By: Sam Sciacca
As utilities build more sophisticated power grids, they will require new, improved data networks for a variety of roles, many of which could be served by telecom providers.
Because these two industries have different market drivers and technology paths, they have had an uneasy history of collaboration. But developments on both sides have produced new opportunities.
Having worked with both sides, I can offer a sense of power utilitiesâ€™ technical requirements, as well as insights on utility culture and a thumbnail history of how the power and telecom industries have interacted over the years.
These insights should provide telecom executives with a better understanding of how to work with their new partners in grid modernization.
Traditionally, power utilities have built their own private, dedicated networks to meet their need for reliability and security. The Public Utility Holding Company Act of 1935 gave power companies that right because telecoms then could not provide the dedicated utility networks needed.
The one application where utilities did use telecom facilities was leased copper lines from local telecoms, where it was cost effective to do so.
Over time, collaboration was sporadic, driven by the utilitiesâ€™ view of the costs and benefits. Meanwhile, the telecom industry naturally moved to technologies and markets based on its own business drivers. In the 1990s, telcos marketed control channel on cell towers for a data service known as cellular digital packet data or CDPD. Some utilities began adopting this for non-critical SCADA (supervisory control and data acquisition), but as the telcos marketed that service to other parties, performance dropped and the service no longer met the utilitiesâ€™ needs. Ultimately, a number of telco CDPD offerings were abandoned by the providers, leaving the utilities to unwind the investment they had made in the system. Utilities require service offerings that will last decades; the CDPD experience was further indication that utilities need to insulate themselves from short-term telecom strategies and commercial drivers outside of their control.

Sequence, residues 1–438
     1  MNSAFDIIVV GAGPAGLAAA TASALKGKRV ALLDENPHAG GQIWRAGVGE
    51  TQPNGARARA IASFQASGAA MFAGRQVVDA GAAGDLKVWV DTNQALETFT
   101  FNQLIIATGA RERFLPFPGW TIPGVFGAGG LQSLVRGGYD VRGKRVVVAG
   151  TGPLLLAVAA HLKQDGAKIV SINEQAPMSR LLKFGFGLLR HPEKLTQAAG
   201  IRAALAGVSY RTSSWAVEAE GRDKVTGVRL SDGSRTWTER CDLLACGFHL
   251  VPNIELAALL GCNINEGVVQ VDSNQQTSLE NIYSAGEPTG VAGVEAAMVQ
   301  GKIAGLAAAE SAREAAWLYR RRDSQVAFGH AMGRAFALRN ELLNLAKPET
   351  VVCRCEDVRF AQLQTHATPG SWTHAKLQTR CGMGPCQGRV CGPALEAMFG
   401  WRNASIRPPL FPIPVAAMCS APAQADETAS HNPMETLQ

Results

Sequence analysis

Similarly, cable companies tried to sell bandwidth to utilities for distribution automation but found entertainment more profitable and didnâ€™t offer the level of support that electric utilities required. Different details, same result.
More recently, some telcos have announced the phasing out of the copper wire business. Utilities who use these circuits for mission critical services must now incur the expense and labor to
engineer their systems to use other technologies, underscoring the vulnerability they face by adopting third-party communications offerings due to changing telco market directions.